- In the exercise of its discretion when considering whether to allow the Appellant to dispute the amount of the customs debt (i.e. whether to allow the Appellant to pursue an argument not raised before the latter stages of the hearing).
The Upper Tribunal’s judgment
The ‘inward processing’ point involved a detailed analysis of the provisions of the then-applicable EU rules, found in the Union Customs Code and related Regulations.
The UT stressed that this was a challenge to a finding of fact by the FTT. As such, it had to meet the high threshold for such challenges set out in the authorities.
The appellate tribunal rejected all of Caerdav’s challenges to Judge McKeever’s factual findings. There was “ample material on which the FTT could properly make those findings.”
It was common ground that a debt could only be remitted under Article 120 where there were “special circumstances” and “no obvious negligence” on the part of the taxpayer. The UT rejected the assertion that either of these strands was made out.
Of particular note, it found that there was “no basis in law” for Caerdav’s assertion that there was a burden upon HMRC to show that there was obvious negligence.
But even if there had been, such a burden would have been comfortably discharged on the facts of the case, Caerdav having neglected to renew its EUA then failed to do remedy the situation when it was raised by HMRC.
In any event, the UT did not interfere with the FTT’s decision that there were no ‘special circumstances’ in this case.
Caerdav sought to argue that the FTT had failed to consider properly the principle of legitimate expectation as it applied in EU law.
In particular, it argued that it was not necessary in order for the principle to apply for the taxpayer to have sought a ‘ruling’ from the tax authority. Caerdav submitted that the tribunal judge had been wrong to consider that she had no jurisdiction to consider legitimate expectation, and argued that legitimate expectation applied on the facts.
The judgment contains a detailed analysis of the domestic and EU authorities on legitimate expectation.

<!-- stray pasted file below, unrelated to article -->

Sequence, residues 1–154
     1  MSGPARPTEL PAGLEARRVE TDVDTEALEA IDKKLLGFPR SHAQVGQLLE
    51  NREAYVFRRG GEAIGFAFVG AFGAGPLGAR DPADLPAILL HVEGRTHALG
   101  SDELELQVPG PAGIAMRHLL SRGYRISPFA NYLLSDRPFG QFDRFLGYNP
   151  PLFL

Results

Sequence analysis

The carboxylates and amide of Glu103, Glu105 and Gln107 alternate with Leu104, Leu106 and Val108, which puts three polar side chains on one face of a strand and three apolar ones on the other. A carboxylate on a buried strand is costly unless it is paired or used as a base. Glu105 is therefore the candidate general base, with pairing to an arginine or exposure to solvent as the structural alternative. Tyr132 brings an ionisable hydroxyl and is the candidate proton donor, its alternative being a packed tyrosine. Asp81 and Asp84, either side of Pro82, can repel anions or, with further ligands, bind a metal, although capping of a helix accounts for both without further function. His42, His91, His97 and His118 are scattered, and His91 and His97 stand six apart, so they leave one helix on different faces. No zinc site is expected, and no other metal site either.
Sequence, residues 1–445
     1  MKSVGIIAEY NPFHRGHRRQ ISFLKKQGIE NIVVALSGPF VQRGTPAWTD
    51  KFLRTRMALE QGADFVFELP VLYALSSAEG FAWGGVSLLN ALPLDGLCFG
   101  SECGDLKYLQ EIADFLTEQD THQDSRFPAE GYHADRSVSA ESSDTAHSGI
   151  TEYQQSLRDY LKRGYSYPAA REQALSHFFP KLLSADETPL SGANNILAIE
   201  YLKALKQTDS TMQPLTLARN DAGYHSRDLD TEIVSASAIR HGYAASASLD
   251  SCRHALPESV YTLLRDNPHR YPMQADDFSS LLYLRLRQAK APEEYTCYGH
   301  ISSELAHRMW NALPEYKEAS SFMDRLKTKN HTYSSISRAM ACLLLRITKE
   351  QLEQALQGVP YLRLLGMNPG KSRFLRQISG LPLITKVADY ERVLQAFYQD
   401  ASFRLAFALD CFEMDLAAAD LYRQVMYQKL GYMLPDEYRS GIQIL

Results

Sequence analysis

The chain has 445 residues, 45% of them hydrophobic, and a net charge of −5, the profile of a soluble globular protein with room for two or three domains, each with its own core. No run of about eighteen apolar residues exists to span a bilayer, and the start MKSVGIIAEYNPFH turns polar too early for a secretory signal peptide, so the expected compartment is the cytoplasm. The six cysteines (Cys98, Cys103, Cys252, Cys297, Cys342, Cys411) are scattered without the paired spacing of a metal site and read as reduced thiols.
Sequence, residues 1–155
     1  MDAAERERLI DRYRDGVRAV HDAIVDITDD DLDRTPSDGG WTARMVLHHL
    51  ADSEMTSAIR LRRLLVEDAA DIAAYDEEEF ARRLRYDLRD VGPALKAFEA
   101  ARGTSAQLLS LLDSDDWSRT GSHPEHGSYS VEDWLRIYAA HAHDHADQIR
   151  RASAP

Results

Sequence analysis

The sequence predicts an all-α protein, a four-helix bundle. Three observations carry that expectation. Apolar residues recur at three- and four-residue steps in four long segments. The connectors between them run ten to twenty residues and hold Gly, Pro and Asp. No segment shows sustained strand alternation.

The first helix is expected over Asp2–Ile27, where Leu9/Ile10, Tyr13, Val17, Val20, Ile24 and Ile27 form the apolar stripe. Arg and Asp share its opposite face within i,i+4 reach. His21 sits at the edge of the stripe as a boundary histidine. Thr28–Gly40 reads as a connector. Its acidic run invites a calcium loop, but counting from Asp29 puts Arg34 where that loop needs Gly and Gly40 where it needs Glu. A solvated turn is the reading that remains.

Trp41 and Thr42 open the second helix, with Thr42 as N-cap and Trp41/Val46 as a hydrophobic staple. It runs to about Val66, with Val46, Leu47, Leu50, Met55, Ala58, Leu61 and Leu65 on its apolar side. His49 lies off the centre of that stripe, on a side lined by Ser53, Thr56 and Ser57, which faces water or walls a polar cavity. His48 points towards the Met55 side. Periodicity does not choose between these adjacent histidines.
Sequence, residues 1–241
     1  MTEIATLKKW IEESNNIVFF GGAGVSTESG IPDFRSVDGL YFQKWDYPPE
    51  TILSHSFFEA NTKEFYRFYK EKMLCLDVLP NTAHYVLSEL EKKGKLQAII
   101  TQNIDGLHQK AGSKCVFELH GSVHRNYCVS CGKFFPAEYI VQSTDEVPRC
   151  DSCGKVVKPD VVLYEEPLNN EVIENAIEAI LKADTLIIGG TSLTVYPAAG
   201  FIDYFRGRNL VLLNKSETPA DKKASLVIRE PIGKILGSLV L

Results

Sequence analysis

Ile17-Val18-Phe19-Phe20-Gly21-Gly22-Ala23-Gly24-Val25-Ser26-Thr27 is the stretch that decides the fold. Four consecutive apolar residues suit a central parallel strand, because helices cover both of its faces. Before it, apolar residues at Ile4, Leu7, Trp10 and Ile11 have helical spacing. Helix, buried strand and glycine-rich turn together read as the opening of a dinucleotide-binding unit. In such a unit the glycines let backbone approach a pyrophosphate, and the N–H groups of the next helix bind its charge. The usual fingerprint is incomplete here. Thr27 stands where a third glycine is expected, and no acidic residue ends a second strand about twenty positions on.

The UT accepted that the free-standing substantive EU law concept of legitimate expectation may apply to the question of remission under Article 120 UCC, but that this did not add to the analysis, as ‘special circumstances’ would embrace a wide range of factual circumstances, including those that might give rise to a legitimate expectation. The consideration of that concept, the UT found, “does not give any additional life top the consideration of special circumstances. In other words, any promise or statement made by a customs authority to a taxpayer which might be capable of being relied upon as giving rise to a legitimate expectation for EU law purposes would also be capable of being relied upon as giving rise to special circumstances for the purpose of Article 120. Therefore, there may be a distinction without a difference.”
It went on, in any event, to reject the assertion that a legitimate expectation was made out on the facts, before dealing with the jurisdictional question, concluding that the FTT was entitled to find that the issue of legitimate expectation fell outside its jurisdiction (paras 150-175).
The UT accepted Jim’s submission that this was really a challenge to the EU-wide system for the assessment of VAT and customs duty, rather than an attack upon the approach of the FTT. It was the EU legislation that required VAT and customs duty to be charged as a percentage of the value of the imported goods.
It then adopted his submissions as to “the importance of that ‘wide lens’ approach to proportionality”, and how it was illustrated by the facts of this case (paras 136-137).
The challenge to the amount of the debts
Finally, the UT endorsed the way in which the FTT had dealt with Caerdav’s very late attempt to challenge the amount of the debts, all the while stressing the “generous ambit of discretion entrusted to first instance judges” taking case management decisions (para 184).